One of the most challenging aspects of being a runner is building a self-perception conducive to improvement. For starters, you must believe that it is possible to improve. Secondly, you must do the work necessary to improve. And finally, you must execute in competition when given the opportunity to supercede prior efforts. That is the 1, 2, 3 of endurance event success.
During scholastic and college years, all that is plugged into the context of team dynamics and competition. There is the daily competition of training with teammates. In those circumstances, managing mental attitude and focus during workouts is the key to improvement. Then when races roll around, turning that fitness into results takes determination and concentration.
As distance athletes, we sometimes find ourselves trapped in cycles of self-perception. These bind us to a level of performance that seems satisfactory in some respects, yet really doesn’t rise to full potential. We get used to running in certain patterns, for example. When you reach the photo of our team starting a race later in this blog, I find it interesting that in the photo from the next year, the same seven guys are all starting out in the exact same positions.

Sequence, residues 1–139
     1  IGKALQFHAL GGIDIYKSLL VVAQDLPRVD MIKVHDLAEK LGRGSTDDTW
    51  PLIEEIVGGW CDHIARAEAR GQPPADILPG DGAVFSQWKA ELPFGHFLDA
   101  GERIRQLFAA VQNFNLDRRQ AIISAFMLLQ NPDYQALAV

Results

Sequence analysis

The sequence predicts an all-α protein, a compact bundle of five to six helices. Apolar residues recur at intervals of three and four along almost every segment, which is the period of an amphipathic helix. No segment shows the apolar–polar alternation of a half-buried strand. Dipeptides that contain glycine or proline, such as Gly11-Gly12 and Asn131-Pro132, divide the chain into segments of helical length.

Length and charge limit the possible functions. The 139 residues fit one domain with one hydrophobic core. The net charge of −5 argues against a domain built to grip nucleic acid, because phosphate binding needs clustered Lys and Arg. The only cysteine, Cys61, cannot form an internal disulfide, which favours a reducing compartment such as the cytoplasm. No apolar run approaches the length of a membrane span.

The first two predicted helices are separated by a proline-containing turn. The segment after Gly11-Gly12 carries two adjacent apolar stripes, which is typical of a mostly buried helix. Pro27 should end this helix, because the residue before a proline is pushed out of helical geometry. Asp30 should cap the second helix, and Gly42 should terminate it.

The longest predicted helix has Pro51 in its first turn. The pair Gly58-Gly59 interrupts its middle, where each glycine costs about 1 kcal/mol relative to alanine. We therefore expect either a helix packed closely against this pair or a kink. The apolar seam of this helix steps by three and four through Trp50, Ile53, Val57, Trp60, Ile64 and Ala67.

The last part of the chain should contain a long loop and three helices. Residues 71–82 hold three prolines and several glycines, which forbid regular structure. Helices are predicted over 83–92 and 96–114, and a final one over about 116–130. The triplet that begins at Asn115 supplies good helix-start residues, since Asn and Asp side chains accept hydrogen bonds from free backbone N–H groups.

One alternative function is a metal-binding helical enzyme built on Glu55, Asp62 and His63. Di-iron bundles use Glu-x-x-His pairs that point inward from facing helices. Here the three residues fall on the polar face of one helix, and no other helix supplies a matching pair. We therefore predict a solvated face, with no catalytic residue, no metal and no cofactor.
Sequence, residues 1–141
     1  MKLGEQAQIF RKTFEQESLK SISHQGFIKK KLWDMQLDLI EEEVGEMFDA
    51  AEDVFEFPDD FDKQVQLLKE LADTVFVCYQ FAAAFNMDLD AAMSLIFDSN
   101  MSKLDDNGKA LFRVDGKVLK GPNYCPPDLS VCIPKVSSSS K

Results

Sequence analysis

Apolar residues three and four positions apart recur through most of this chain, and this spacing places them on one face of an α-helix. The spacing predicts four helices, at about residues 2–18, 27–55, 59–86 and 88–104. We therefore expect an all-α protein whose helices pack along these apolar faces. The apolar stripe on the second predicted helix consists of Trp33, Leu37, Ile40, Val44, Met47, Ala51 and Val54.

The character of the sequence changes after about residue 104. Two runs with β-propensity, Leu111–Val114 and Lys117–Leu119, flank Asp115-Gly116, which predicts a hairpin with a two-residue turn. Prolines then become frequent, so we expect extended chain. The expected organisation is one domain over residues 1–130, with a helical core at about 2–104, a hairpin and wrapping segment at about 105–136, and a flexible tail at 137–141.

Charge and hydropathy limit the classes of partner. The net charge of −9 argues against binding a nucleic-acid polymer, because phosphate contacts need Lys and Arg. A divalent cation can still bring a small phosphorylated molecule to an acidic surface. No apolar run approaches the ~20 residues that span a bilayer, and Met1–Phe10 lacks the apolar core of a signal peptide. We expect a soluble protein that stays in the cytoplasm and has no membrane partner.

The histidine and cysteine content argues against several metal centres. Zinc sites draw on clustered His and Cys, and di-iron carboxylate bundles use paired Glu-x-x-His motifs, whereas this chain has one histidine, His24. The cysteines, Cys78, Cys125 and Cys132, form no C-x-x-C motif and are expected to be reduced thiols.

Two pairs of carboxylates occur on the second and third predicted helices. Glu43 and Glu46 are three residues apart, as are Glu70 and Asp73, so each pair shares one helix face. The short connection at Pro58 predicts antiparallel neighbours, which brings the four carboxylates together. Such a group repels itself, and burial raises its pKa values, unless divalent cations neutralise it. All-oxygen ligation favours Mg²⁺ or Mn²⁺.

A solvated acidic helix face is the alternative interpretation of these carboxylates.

We limit ourselves sometimes. Going out at a given pace to avoid early fatigue is one such habit. Running behind runners that have beaten you in previous weeks is another. We’re not always aware of these habits that hold us back, but they exist.
That means it is vital for endurance athletes of all kinds to seek ways to break out of unforced habits. It’s far too easy to stumble into races week after week hoping that something special will happen. Occasionally it might. We might run faster on a given day because it feels goods. But that’s no real path to improvement, is it?
Times have changed in some respects when it comes to how high school and college cross country programs operate. Back then, we raced thirteen meets in college cross country, and from eighteen to twenty-one meets in high school cross country. Was that a bit too much racing to pile on top of fifteen weeks of hard training?” We even “ran through” some meets, not taking a break in training in hopes of earning fitness dividends down the road.
In college, we averaged between 70-80 miles per week, and some of us pushed that up to 90-100. That’s not huge mileage by the measure of many programs, but it was tiring on top of college life. And was it really necessary to race five miles effectively?